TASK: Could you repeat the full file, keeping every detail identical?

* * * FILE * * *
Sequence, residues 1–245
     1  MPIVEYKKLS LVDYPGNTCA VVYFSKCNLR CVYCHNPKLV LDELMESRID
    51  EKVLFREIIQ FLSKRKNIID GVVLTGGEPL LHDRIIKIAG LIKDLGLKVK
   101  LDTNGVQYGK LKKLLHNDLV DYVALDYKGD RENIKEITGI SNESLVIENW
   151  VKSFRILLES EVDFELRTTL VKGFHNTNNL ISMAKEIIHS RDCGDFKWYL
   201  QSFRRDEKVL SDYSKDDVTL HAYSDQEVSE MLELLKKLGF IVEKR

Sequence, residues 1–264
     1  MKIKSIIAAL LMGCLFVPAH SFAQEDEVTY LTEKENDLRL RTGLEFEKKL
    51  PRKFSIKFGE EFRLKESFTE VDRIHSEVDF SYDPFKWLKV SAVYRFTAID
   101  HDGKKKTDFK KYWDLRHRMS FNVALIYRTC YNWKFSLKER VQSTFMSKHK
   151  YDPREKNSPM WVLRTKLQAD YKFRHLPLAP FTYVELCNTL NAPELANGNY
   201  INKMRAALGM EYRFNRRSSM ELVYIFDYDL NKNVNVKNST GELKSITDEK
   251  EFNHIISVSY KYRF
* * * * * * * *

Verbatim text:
Sequence, residues 1–245
     1  MPIVEYKKLS LVDYPGNTCA VVYFSKCNLR CVYCHNPKLV LDELMESRID
    51  EKVLFREIIQ FLSKRKNIID GVVLTGGEPL LHDRIIKIAG LIKDLGLKVK
   101  LDTNGVQYGK LKKLLHNDLV DYVALDYKGD RENIKEITGI SNESLVIENW
   151  VKSFRILLES EVDFELRTTL VKGFHNTNNL ISMAKEIIHS RDCGDFKWYL
   201  QSFRRDEKVL SDYSKDDVTL HAYSDQEVSE MLELLKKLGF IVEKR

Sequence, residues 1–264
     1  MKIKSIIAAL LMGCLFVPAH SFAQEDEVTY LTEKENDLRL RTGLEFEKKL
    51  PRKFSIKFGE EFRLKESFTE VDRIHSEVDF SYDPFKWLKV SAVYRFTAID
   101  HDGKKKTDFK KYWDLRHRMS FNVALIYRTC YNWKFSLKER VQSTFMSKHK
   151  YDPREKNSPM WVLRTKLQAD YKFRHLPLAP FTYVELCNTL NAPELANGNY
   201  INKMRAALGM EYRFNRRSSM ELVYIFDYDL NKNVNVKNST GELKSITDEK
   251  EFNHIISVSY KYRF